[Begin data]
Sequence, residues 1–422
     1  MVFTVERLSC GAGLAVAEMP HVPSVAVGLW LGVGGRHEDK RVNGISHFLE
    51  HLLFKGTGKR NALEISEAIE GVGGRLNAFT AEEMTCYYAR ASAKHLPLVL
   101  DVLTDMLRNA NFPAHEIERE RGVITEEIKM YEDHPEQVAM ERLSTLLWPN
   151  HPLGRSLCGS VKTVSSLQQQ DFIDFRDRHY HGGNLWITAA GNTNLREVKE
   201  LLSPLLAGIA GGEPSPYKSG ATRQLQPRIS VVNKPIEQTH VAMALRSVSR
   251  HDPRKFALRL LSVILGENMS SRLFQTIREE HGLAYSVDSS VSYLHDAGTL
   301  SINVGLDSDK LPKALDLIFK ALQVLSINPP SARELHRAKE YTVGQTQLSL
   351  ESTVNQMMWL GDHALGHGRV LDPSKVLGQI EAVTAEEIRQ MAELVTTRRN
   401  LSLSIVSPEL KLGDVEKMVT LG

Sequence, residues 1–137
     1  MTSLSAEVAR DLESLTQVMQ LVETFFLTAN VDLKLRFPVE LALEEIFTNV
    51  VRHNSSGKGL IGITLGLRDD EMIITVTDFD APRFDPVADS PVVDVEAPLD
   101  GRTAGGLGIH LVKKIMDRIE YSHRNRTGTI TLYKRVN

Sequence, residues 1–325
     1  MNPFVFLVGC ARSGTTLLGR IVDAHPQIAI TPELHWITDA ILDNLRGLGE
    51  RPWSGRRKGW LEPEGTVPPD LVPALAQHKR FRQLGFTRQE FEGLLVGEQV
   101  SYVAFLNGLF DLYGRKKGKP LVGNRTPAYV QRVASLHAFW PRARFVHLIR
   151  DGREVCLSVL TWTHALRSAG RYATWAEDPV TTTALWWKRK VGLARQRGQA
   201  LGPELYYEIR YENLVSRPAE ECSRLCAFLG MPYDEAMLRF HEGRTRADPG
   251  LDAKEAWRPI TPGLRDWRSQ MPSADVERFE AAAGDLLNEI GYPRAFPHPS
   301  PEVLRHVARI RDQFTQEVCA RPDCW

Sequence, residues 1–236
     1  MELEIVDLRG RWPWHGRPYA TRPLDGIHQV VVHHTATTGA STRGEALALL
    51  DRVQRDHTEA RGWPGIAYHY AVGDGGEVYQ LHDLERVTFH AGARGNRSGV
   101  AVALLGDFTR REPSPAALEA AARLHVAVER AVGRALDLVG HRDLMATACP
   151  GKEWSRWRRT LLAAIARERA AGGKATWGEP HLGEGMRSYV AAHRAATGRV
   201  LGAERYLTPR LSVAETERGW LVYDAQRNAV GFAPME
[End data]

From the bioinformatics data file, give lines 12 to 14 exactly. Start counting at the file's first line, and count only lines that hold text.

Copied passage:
     1  MTSLSAEVAR DLESLTQVMQ LVETFFLTAN VDLKLRFPVE LALEEIFTNV
    51  VRHNSSGKGL IGITLGLRDD EMIITVTDFD APRFDPVADS PVVDVEAPLD
   101  GRTAGGLGIH LVKKIMDRIE YSHRNRTGTI TLYKRVN